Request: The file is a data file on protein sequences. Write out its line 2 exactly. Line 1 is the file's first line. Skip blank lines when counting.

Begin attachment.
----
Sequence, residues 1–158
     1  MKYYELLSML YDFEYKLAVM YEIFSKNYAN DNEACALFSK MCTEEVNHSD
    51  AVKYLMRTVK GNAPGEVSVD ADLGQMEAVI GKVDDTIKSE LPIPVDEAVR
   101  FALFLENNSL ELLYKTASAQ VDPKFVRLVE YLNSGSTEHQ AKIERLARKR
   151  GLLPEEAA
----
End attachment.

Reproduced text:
     1  MKYYELLSML YDFEYKLAVM YEIFSKNYAN DNEACALFSK MCTEEVNHSD